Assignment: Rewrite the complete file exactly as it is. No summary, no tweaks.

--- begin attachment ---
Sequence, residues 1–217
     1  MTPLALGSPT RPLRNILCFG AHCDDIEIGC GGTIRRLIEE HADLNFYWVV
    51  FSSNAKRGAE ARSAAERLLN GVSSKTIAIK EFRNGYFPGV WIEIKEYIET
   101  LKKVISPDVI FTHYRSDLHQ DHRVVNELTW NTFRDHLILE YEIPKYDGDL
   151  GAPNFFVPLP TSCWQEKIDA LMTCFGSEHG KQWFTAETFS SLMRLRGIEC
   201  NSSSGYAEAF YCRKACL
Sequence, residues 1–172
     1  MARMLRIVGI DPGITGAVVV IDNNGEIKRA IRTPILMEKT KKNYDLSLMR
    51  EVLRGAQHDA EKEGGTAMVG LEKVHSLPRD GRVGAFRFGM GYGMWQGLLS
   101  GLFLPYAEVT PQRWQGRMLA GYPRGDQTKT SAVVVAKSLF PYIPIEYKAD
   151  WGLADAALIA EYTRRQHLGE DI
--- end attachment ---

Sequence, residues 1–217
     1  MTPLALGSPT RPLRNILCFG AHCDDIEIGC GGTIRRLIEE HADLNFYWVV
    51  FSSNAKRGAE ARSAAERLLN GVSSKTIAIK EFRNGYFPGV WIEIKEYIET
   101  LKKVISPDVI FTHYRSDLHQ DHRVVNELTW NTFRDHLILE YEIPKYDGDL
   151  GAPNFFVPLP TSCWQEKIDA LMTCFGSEHG KQWFTAETFS SLMRLRGIEC
   201  NSSSGYAEAF YCRKACL
Sequence, residues 1–172
     1  MARMLRIVGI DPGITGAVVV IDNNGEIKRA IRTPILMEKT KKNYDLSLMR
    51  EVLRGAQHDA EKEGGTAMVG LEKVHSLPRD GRVGAFRFGM GYGMWQGLLS
   101  GLFLPYAEVT PQRWQGRMLA GYPRGDQTKT SAVVVAKSLF PYIPIEYKAD
   151  WGLADAALIA EYTRRQHLGE DI